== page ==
“Rebuild believes that libraries are key community hubs that foster not only learning but also personal growth. We have been working intimately with community members to create a space that cultivates generational prosperity and education,” said Kira Strong, Executive Director of Rebuild. “Libraries are a representation of what one can achieve, they supply the youth with imagination and courage to grow. I look forward to the grand opening that will provide a space for everyone in the community to achieve more.”
The community engagement and improvement process has been led by the Greater Philadelphia Community Alliance through Rebuild’s non-profit delivery method. Following the input offered by community members through Rebuild’s community engagement efforts, site renovations will take place to fit community needs including:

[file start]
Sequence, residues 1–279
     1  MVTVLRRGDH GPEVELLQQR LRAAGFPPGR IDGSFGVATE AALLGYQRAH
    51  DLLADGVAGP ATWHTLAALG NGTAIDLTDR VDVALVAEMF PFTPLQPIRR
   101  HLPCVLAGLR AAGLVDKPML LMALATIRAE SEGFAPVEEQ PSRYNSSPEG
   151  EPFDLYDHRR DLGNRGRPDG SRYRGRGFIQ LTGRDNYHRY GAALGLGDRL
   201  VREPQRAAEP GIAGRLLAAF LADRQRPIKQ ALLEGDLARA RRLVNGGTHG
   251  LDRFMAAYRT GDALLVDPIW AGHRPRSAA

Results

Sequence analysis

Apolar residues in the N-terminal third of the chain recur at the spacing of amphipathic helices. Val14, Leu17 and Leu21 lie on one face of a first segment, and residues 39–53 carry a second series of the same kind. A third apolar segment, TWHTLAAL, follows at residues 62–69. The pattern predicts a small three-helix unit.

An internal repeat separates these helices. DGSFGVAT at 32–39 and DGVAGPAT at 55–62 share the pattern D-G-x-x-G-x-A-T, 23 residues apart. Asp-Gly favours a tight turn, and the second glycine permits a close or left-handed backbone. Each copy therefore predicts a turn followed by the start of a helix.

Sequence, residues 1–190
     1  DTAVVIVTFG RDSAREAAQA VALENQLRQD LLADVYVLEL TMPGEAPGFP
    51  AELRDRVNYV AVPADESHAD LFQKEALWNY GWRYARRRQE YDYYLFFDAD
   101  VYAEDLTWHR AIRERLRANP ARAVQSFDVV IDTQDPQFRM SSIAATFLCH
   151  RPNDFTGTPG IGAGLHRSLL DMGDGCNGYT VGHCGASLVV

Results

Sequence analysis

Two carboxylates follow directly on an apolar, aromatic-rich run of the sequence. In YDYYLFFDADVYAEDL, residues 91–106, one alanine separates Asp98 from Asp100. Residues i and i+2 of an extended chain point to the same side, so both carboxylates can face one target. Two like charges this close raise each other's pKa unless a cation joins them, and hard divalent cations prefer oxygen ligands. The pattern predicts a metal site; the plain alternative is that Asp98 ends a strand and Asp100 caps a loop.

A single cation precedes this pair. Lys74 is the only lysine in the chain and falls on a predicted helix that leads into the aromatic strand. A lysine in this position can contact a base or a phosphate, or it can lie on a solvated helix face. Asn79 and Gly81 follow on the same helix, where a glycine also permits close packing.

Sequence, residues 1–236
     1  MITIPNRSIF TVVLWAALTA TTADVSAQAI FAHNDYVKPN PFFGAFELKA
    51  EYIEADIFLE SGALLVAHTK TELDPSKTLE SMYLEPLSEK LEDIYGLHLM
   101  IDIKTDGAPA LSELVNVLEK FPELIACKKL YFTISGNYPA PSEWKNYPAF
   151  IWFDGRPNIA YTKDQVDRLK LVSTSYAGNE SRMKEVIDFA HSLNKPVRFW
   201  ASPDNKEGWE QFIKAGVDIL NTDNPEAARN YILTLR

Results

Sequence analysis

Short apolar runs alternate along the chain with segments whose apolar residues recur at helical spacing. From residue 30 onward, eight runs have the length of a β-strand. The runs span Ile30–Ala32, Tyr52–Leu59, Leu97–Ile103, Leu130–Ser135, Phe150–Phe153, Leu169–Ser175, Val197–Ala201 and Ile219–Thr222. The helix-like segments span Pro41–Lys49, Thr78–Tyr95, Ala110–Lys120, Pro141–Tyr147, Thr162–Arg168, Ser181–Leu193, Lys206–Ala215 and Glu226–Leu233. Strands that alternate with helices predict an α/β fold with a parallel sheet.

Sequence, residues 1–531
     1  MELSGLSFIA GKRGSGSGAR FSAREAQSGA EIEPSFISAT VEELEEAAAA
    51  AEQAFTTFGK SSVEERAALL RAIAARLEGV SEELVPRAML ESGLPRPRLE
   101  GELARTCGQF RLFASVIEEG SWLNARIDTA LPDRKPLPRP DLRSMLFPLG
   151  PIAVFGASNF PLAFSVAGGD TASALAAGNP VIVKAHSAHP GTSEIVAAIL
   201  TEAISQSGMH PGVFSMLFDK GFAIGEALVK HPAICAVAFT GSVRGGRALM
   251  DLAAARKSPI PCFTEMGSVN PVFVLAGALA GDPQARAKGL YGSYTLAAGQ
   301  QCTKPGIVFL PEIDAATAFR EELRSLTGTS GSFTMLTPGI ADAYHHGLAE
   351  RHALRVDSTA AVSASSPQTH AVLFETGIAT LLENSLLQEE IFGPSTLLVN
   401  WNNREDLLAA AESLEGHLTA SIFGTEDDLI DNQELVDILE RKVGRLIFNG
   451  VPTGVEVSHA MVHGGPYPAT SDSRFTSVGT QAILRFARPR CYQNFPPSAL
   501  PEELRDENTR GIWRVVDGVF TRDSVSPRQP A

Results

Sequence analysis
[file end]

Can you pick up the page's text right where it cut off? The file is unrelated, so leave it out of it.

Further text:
Building interior renovations:
- New elevator and staircase between floors
- New ADA bathrooms
- All new flooring, paint, and furnishings
- Refurbishment of original stained-glass skylights
- New electric and plumbing, including lighting and fixtures
- New HVAC system
- New security system
- New floor plan on both levels
- New “Media Hub” classroom on the upper level and “Flex Space” on the Lower Level
- New ADA ramp to the front entry
- Masonry restoration
- New windows
- New roof
- New lighting and security
- All new site layout including patios, seating, plantings, fencing, lighting, and security
- New story circle
Tech-Enabled Library improvements funded through the Knight Foundation:
- Media Hub and Flex Space